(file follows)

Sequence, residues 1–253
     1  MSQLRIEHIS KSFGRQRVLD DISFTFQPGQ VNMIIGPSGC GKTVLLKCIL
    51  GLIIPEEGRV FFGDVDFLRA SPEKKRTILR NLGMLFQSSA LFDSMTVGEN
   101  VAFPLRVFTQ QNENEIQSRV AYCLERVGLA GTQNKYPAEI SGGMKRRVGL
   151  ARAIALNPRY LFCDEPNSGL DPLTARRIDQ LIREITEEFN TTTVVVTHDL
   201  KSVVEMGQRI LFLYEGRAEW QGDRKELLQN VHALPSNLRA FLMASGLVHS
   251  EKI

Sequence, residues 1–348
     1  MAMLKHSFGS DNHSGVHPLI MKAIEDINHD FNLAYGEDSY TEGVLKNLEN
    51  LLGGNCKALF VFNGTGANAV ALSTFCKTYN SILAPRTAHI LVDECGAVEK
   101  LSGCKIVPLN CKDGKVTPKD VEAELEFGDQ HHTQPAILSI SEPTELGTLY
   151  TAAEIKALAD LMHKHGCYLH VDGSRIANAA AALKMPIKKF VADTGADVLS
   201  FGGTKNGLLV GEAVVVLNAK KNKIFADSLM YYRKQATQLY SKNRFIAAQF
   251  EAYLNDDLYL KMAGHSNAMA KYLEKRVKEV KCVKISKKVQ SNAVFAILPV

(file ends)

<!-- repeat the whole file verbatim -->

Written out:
Sequence, residues 1–253
     1  MSQLRIEHIS KSFGRQRVLD DISFTFQPGQ VNMIIGPSGC GKTVLLKCIL
    51  GLIIPEEGRV FFGDVDFLRA SPEKKRTILR NLGMLFQSSA LFDSMTVGEN
   101  VAFPLRVFTQ QNENEIQSRV AYCLERVGLA GTQNKYPAEI SGGMKRRVGL
   151  ARAIALNPRY LFCDEPNSGL DPLTARRIDQ LIREITEEFN TTTVVVTHDL
   201  KSVVEMGQRI LFLYEGRAEW QGDRKELLQN VHALPSNLRA FLMASGLVHS
   251  EKI

Sequence, residues 1–348
     1  MAMLKHSFGS DNHSGVHPLI MKAIEDINHD FNLAYGEDSY TEGVLKNLEN
    51  LLGGNCKALF VFNGTGANAV ALSTFCKTYN SILAPRTAHI LVDECGAVEK
   101  LSGCKIVPLN CKDGKVTPKD VEAELEFGDQ HHTQPAILSI SEPTELGTLY
   151  TAAEIKALAD LMHKHGCYLH VDGSRIANAA AALKMPIKKF VADTGADVLS
   201  FGGTKNGLLV GEAVVVLNAK KNKIFADSLM YYRKQATQLY SKNRFIAAQF
   251  EAYLNDDLYL KMAGHSNAMA KYLEKRVKEV KCVKISKKVQ SNAVFAILPV